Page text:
Teaching or training your dog builds a relationship of trust and mutual respect and helps minimise behavioural problems. Behavioural problems are the number one reason dogs are surrendered to shelters and often put down.
Your family dog doesn't need to go to formal obedience class to teach your dog basic house manners, but you do be invested in learning how to teach your dog safely and effectively without using pain and intimidation. If you do choose a professional trainer or behavourist, use caution as many use outdated methods that inflict significant harm. As a pet parent, you can learn to teach your family dog. Teaching your dog from a puppy is much easier than trying to teach an older dog with ingrained habits. But a dog of any age can be taught with patience and kind methods.
According to veterinarian and animal behaviourist Ian Dunbar, teaching your puppy bite inhibition is the most important thing you can teach. Bite inhibition is when your dog can control the pressure of their bite to cause little or no damage. ALL dogs of any breed and any size can bite, including well-behaved dogs if they are sick, in pain or otherwise stressed. A bite resulting in puncture wounds is very serious and result in major injury or even a fatality. Children are most often the victims of serious bites.
Bite inhibition training is teaching your puppy how to use their mouth gently with people so that if your dog were to ever act defensely from fear, pain or feeling threatened, they are unlikely to do any damage if they snap .
Other things to teach your puppy include:
Cues to Teach Your Dog
A cue is verbal or physical signal that is used to communicate to your dog what behaviour you want to follow. For example, both the word 'sit' and/or a hand signal can be used to instruct a dog to sit. Some cues you may have taught your dog unintentionally, for example if your dog gets excited when you pick up the car keys, they have figured out it may mean a ride in the car.
People often unintentionally reinforce nuisance behaviours such as jumping up. Using harsh methods involving yelling, intimidation and physical punishment may traumatise a dog and has a high risk of fallout such as anxiety, shutting down or biting someone.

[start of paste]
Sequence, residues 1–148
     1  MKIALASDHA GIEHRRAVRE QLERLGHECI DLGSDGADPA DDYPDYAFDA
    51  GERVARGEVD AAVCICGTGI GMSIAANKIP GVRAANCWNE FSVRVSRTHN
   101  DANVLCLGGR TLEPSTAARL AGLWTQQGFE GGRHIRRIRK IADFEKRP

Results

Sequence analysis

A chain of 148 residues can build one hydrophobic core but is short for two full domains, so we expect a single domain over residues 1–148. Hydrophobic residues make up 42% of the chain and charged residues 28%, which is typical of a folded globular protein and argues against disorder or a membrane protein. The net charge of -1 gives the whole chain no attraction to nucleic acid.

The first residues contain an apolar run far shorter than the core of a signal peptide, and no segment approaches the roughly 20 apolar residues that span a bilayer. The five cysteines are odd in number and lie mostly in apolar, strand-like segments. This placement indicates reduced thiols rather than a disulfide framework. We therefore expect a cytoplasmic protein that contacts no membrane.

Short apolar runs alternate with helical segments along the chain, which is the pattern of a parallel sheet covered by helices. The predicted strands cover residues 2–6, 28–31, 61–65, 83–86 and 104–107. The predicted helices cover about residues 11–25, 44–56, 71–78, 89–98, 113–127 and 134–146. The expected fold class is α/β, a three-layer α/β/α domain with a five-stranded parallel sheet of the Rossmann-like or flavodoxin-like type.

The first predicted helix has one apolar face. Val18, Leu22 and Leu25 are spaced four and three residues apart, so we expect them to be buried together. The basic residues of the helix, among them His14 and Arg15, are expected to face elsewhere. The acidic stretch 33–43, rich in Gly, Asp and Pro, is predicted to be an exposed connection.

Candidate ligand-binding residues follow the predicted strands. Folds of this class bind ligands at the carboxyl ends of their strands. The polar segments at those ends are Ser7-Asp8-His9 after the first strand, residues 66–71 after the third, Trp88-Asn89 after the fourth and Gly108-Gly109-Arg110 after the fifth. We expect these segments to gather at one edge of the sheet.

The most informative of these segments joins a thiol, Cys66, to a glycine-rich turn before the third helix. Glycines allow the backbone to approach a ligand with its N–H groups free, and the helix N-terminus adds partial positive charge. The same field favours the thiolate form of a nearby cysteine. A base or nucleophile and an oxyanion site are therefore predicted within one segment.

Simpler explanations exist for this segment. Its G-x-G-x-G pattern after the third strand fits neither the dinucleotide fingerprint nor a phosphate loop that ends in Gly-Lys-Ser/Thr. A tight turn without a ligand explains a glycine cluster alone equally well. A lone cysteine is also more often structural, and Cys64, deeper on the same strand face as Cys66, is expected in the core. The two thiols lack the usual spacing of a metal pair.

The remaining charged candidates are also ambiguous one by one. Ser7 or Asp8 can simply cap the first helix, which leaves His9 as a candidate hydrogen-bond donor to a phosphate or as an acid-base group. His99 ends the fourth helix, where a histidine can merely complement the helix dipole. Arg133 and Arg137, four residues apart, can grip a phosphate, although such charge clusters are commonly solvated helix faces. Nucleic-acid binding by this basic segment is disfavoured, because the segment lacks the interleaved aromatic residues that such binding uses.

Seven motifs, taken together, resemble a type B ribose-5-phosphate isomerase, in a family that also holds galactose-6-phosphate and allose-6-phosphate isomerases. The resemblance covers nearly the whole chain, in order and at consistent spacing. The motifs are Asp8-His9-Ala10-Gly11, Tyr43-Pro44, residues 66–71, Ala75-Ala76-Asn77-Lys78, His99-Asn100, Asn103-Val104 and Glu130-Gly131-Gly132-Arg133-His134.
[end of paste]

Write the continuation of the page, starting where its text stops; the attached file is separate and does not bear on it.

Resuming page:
Teaching a cue involves linking the desired behaviour with the verbal and/or physical signal. A dog can be trained well without using physical punishment but instead focusing on what your dog is doing right.
Cues can be taught in play and can be fun for both you and your dog. I will blog about some effective, easy, kind, safe ways to teach your dog without using any complex equipment.
What Cues to Teach
The most important cue to teach your dog is a recall such as 'come'. It can save their life, for instance if they slip out the gate or door and risk going on the road. The next most useful cues for family dogs for basic house manners and safety are 'sit' and 'leave'. Other cues are optional, but are recommended to stimulate your dog's mental capacities, build a bond, communicate without frustration and have a well-behaved pet. All cues can have a hand signal, which can be used instead of speaking. This is very useful for deaf dogs or communicating from a distance.
Some cues I recommend teaching your dog:
'Come' (a recall) is an instruction for your dog to come straight to you without diverting off or stopping to pick something up from the way. Come can be taught with a very young puppy as a game. It is important to never scold a dog if they don't come straight away. Also don't chase them or they will think it's a game. It is critical that your dog has reliable recall before being allowed off-leash in a public area. A dog should never be let off-leash in a public area until they have been trained to have 100% reliable recall in environments with distractions. This is for the safety of your dog, other animals and the public.
'Sit' is very useful for manners at home and in the public and for safety. Instructing your dog to sit can help them greet people politely without jumping up, as a dog can't sit and jump at the same time. You can have your dog sit before crossing a road, which is good for road safety. You can have your dog sit before eating their meal. Sit is a very versatile and useful cue. Many dogs from shelters have never been taught to sit.